However, safety is just one aspect of quality and not necessarily the most important aspect. To say it another way, doing no harm is important, but improving the degree of recovery or the sustainability of recovery are just as important, if not more so.
As I will discuss below, too much focus on safety instead of overall outcomes and value may lead to incremental process improvements affecting safety, rather than rethinking the overall delivery of care to improve total outcomes including safety.
To understand value in any field, the unit for which value is measured should conform to the unit in which value is actually created. The unit of value creation should define organizational boundaries in care delivery, which is a central tenet of organizational theory.
In health care, however, both measurement and organizational structure are misaligned with value creation. In fact, one of the principal reasons why value is mismeasured in health care, or not measured at all, stems from faulty organizational structures for healthcare delivery.
A medical condition is an interrelated set of patient medical circumstances best addressed in an integrated way. Care for a medical condition, such as breast cancer, diabetes, inflammatory bowel disease, asthma, or congestive heart failure, will normally require the involvement of multiple specialties. The definition of a medical condition includes the most common co-occurrences , or diseases that occur together.
Caring for the medical condition of diabetes, for example, needs to integrate the care for hypertension and vascular disease. The unit of value creation in health care delivery—care for a medical condition encompassing the cycle of care—collides with the way delivery is currently organized in the United States and in virtually every other country.
Health care today is organized by facility e. This means that both outcomes and processes tend to be mismeasured. Also, faulty organization of care creates many hurdles to actually achieving excellent outcomes. Measurement today usually focuses on the individual providers or specialists, despite the fact that the intervention of one provider is not the sole or even the primary determinant of the overall outcomes.
Measurement focuses on the discrete intervention, despite the fact that the intervention is one of many that determine outcomes. Measurement covers short episodes, which tells an incomplete story in understanding the overall outcome.
Outcomes from a few discrete interventions, or in a few medical conditions, tend to be used as proxies for the overall outcomes of the provider. Current organizational structure in healthcare delivery makes it difficult to measure value correctly.
Indeed, this is one of the most important reasons why it is poorly measured, or not measured at all. Providers, particularly, have a tendency to measure only what is under their direct control in a particular intervention, even if this is not what actually determines value. What is measured is what is easy to measure, rather than what matters for outcomes.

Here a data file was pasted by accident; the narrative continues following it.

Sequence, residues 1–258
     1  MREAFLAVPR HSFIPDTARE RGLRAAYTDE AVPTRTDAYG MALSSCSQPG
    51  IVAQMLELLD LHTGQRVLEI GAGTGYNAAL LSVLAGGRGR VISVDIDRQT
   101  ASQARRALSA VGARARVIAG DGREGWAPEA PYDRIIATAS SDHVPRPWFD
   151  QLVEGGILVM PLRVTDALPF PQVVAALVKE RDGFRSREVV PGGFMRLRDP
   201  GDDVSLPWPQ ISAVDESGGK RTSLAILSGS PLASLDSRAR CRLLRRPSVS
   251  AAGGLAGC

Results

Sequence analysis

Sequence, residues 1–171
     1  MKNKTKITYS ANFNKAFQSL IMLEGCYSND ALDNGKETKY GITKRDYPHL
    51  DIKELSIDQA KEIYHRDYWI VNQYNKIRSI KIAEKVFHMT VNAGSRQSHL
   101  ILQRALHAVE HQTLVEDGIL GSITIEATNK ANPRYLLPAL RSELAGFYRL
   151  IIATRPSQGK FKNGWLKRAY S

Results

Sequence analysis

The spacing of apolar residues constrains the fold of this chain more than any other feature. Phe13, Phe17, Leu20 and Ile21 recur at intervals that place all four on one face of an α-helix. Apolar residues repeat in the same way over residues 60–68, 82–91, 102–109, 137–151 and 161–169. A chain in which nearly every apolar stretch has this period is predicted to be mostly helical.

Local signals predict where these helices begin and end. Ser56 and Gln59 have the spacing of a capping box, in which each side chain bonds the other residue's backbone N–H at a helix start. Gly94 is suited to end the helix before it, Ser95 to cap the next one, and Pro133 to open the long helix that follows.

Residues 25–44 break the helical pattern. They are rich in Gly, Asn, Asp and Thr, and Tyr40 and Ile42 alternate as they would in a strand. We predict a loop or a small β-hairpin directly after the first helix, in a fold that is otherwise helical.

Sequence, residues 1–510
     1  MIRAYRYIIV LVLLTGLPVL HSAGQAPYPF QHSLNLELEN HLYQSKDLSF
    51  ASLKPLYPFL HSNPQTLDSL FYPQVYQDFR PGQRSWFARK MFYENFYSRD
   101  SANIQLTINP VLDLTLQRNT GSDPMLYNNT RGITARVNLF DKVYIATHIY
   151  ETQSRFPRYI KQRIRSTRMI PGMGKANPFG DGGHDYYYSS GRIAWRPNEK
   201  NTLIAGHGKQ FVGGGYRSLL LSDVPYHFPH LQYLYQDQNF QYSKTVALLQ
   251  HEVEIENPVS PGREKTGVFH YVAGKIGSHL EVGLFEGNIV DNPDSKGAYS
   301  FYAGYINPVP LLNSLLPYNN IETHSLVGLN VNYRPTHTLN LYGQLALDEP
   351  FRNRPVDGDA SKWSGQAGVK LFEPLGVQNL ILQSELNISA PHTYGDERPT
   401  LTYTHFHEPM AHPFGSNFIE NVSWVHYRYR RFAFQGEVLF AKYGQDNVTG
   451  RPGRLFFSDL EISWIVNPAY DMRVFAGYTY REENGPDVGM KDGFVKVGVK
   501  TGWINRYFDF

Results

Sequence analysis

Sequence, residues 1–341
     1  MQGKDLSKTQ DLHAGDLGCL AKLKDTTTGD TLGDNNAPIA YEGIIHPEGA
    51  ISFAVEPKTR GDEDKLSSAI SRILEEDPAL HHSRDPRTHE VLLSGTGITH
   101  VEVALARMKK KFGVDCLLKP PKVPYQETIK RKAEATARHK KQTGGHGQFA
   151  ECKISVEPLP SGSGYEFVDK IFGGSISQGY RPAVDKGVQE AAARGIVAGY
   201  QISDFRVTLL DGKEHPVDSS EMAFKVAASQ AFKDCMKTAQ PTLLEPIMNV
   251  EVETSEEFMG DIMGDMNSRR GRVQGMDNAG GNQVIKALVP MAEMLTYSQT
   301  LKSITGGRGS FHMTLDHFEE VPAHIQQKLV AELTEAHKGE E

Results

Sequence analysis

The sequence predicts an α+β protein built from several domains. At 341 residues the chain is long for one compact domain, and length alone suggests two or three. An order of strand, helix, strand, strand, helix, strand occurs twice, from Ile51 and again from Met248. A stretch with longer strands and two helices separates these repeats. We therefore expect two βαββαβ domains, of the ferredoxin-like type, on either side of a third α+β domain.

What is measured is also what is billed, even though the unit of reimbursement is misaligned with overall value. Gathering long-term, longitudinal data on outcomes is surely challenging, but the cost of doing so is unnecessarily high because of the current organizational structures and practice patterns. If practice structures were realigned to cover the care cycle, the cost of long-term outcome measurement would fall dramatically. Moreover, the assumption of joint responsibility for outcomes would be natural.
All these observations also apply to measuring costs. To understand the true costs of heath care delivery, one must measure the costs of all the interventions and services involved in determining the outcome.
Today each unit or department is seen as a separate revenue or cost center; no one measures the cost of the entire care cycle. Entities such as rehabilitation centers and counseling units are all but ignored in cost analysis. Many costs, such as those borne by the patient or within primary care practices, are not counted in measuring procedure-centric care. Treating drugs as a separate cost, for example, only obscures the overall value of care.
All costs must be included to measure the total cost of delivering outcomes, and overall value. While the unit of value creation is the medical condition over the cycle of care, a given patient may have multiple medical conditions. This often occurs, for example, in older patients who might have congestive heart failure and breast cancer and osteoarthritis of the hip. Such patients are best cared for by integrated practices for each condition that coordinate with each other. Value is best measured for each medical condition, with the presence of other medical conditions a risk factor in each one.
The alternative, defining a different measure of value for each patient, defeats the whole purpose of measurement. Outcomes are the core of value in healthcare delivery.
There is growing attention to measuring outcomes, which is a most welcome development. However, the practice of outcome measurement suffers from a number of problems. One of these is a tendency to look for a single ideal outcome measure for a given medical condition. However, there is never one outcome measure in any field or endeavor, and health care is no exception.
For every medical condition, there are multiple outcomes that collectively define patient value. One commonly measured outcome is survival or death. This is just one outcome, albeit an important one. Outcomes related to safety, such as the incidence of medical errors along with their consequences, are an additional type of outcome measure. To think holistically about outcome measurement for a medical condition, outcomes can be can be conceptualized in a hierarchy, with the most fundamental outcomes, survival and patient health, achieved at the top, and other outcomes arrayed in a natural progression, such as those related to the nature and speed of the recovery process and those related to the sustainability of the results.
Although there is not time to explore the details in this discussion, it should be possible to characterize the set of outcomes for a medical condition in a fashion that lends to objective and quantitative outcome measurement. For many patients, trade-offs may exist among individual outcomes.
For example, a more complete recovery could require treatment with a greater risk of care-induced illness. Or, more complete recovery could require treatment that is more discomforting. Where there are trade-offs, individual patients may differ in the weight they place on different levels of the hierarchy, and on specific measures. The discomfort of treatment willingly endured will be affected, for example, by the degree and sustainability of health achieved.